The Court deferred ruling on Defendant’s Amended Second Preliminary Objection based on venue and directed the parties to schedule an evidentiary hearing before this Court or produce depositions on this issue within thirty (30) days. The parties scheduled an Evidentiary Hearing for May 12, 2015. At the end of the Hearing, the Court directed the parties to file a Stipulation and all of the Contracts signed by Defendant relating to her employment with Plaintiff. The parties filed the Stipulation and the Contracts on June 11, 2015. The matter is now ripe for disposition.

STANDARD OF REVIEW

Preliminary objections should be sustained only in cases that are clear and free from doubt. Baker v. Brennan, 213 A.2d 362 (Pa. 1965). The test for preliminary objections is whether it is clear and free from doubt from all of the facts pleaded that the pleader will be unable to prove facts legally sufficient to establish his right to relief. Firing v. Kephart, 353 A.2d 833 (Pa. 1976). To determine whether preliminary objections have been properly sustained, the court must consider as true all of the well-pleaded material facts set forth in the complaint and all reasonable inferences that may be drawn from those facts. Feingold v. Bell of Penn., 383 A.2d 791 (Pa. 1977).

DISCUSSION

Defendant’s Amended Second Preliminary Objection alleges that Lebanon County is not the proper venue for this suit because the Employment Contract was accepted in York County; Defendant regularly worked out of the York Office; and the alleged cause of action, breach of contract, occurred in York County. Plaintiff’s Amended Complaint does not say where the employment contract was formed. The Amended Complaint does state that Defendant was employed and worked for Plaintiff in York County and alleges that Defendant breached the non-compete clause of the Employment Contract in York County.

The Rules of Civil Procedure state the following regarding venue:

(a) Except as otherwise provided by subdivisions (a.1), (b) and (c) of this rule, an action against an individual may be brought in and only in a county in which

(1) the individual may be served or in which the cause of action arose or where a transaction or occurrence took place out of which the cause of action arose or in any other county authorized by law, or

Note: For a definition of transaction or occurrence see Craig v. W. J. Thiele & Sons, Inc., 395 Pa. 129, 149 A.2d 35 (1959).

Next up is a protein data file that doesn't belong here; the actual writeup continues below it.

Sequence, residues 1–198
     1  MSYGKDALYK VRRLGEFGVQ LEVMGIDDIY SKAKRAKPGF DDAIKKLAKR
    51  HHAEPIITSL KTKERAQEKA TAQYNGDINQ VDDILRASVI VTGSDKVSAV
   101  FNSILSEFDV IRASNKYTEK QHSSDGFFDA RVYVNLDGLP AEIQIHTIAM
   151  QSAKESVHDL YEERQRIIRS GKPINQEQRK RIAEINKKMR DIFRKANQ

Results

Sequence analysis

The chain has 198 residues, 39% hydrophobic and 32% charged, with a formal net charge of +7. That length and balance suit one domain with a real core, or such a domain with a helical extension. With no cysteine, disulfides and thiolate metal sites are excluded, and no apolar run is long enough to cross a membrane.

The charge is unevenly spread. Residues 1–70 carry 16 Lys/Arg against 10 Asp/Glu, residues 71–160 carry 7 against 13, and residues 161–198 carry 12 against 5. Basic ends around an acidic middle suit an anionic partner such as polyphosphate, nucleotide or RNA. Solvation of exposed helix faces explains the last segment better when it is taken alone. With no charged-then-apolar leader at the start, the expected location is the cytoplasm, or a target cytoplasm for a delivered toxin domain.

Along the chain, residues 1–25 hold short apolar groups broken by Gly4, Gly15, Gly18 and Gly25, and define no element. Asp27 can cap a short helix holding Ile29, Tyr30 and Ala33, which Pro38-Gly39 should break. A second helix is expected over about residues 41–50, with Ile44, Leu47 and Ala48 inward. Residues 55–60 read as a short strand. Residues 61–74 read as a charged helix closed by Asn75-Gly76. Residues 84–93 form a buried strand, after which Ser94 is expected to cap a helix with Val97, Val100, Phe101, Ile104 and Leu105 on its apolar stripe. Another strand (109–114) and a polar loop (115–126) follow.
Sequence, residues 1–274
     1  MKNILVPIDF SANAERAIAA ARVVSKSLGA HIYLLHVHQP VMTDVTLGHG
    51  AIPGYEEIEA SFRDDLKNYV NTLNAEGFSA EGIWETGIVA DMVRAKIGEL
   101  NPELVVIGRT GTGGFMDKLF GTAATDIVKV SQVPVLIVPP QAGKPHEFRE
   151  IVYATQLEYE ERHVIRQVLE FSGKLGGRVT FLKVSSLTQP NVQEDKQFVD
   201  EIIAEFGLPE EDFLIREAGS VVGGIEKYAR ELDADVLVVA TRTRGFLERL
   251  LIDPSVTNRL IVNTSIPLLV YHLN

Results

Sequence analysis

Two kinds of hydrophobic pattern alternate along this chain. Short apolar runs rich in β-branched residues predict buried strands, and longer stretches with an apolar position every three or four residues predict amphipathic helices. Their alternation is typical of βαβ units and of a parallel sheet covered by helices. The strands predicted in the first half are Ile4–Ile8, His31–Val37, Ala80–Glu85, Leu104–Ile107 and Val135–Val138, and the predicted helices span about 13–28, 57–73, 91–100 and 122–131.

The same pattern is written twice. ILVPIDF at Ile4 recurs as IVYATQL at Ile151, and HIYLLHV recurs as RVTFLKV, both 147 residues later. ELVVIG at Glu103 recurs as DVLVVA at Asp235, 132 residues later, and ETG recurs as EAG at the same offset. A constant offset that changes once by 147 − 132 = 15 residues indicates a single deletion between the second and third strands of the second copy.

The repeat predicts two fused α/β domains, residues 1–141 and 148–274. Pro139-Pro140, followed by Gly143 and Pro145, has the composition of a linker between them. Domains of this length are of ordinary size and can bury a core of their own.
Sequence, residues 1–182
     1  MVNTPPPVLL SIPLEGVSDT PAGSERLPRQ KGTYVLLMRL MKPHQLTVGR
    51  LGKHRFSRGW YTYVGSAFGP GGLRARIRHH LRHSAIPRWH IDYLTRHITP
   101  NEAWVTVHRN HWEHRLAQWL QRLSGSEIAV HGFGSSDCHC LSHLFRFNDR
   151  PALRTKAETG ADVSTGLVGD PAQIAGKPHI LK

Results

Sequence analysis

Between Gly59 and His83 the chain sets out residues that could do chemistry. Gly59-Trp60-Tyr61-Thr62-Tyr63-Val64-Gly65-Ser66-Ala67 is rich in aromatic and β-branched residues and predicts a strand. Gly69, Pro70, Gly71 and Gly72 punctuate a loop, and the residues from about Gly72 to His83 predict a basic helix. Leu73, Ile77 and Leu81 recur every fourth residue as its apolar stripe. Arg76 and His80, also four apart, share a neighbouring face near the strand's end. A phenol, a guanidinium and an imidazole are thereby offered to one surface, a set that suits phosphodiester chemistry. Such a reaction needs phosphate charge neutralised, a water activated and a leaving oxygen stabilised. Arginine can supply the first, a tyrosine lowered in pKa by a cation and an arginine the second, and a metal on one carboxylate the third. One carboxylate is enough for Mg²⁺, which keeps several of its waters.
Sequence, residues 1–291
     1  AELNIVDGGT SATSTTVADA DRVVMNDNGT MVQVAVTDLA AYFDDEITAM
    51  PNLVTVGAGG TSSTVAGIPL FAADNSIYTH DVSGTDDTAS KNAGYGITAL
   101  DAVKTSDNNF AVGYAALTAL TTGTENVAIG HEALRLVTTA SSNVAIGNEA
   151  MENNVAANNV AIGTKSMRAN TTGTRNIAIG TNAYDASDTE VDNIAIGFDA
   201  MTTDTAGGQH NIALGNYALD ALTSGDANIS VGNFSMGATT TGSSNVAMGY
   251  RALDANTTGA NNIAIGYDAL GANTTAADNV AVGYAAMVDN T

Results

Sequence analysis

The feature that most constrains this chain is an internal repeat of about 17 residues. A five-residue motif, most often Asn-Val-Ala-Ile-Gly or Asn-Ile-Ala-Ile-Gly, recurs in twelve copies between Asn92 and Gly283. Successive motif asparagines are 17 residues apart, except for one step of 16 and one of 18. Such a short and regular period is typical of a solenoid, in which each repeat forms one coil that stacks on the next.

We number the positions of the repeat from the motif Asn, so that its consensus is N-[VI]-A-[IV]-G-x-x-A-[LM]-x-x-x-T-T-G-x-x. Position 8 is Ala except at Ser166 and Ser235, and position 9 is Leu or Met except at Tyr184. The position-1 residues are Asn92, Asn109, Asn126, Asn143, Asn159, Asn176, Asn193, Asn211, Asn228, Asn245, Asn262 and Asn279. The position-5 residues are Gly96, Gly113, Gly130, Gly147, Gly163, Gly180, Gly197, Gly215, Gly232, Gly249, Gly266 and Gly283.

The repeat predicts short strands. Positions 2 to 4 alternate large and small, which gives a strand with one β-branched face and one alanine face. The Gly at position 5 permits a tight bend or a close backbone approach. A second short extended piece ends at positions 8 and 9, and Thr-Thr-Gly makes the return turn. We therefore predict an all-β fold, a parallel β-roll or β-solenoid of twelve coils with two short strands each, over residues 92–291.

(2) the property or a part of the property which is the subject matter of the action is located provided that equitable relief is sought with respect to the property.

(e) Improper venue shall be raised by preliminary objection and if not so raised shall be waived. If a preliminary objection to venue is sustained and there is a county of proper venue within the State the action shall not be dismissed but shall be transferred to the appropriate court of that county. The costs and fees for transfer and removal of the record shall be paid by the plaintiff.

Pa. R.C.P. 1006(a) & (e). As the moving party, Defendant has the burden of proof. See Alumbaugh v. Wallace Business Forms, Inc., 226 Pa.Super. 511 (1973). Defendant must show that venue in Lebanon County is not proper. Alleging that venue is also proper in another county is not sufficient.

The purpose of the rule is “to permit a plaintiff to institute suit against the defendant in the county most convenient for him and his witnesses and to assure that the county selected ha[s] a substantial relationship to the controversy between the parties and [is] thereby a proper forum to adjudicate the dispute.” County Construction Co. v. Livengood Construction Corp., 393 Pa 39, 44 (1958) (speaking of Pa.R.C.P. 2179, venue for Corporations). “A plaintiff generally is given the choice of forum so long as the requirements of personal and subject matter jurisdiction are satisfied.” Purcell v. Bryn Mawr Hospital, 525 Pa. 237, 243 (1990).

[Venue] either is or it is not [proper]. In Caplan v. Keystone Weaving Mills, Inc., 431 Pa. 407, 246 A.2d 384, 386 (1968), the Pennsylvania Supreme Court stated that when we review a trial court’s “order ruling upon the propriety of the venue chosen by the plaintiff … we recognize no difference procedurally between a claim that the action was instituted before the wrong tribunal and a claim that the action was brought before a court lacking competence to entertain it.” If, as decided by the trial court in this case, venue in Washington County is improper, then it is of no import that Appellant instituted this action in that forum, as the trial court had no jurisdiction to hear the case. See id. (stating that “objections to venue have been treated by this Court as raising a question of jurisdiction”).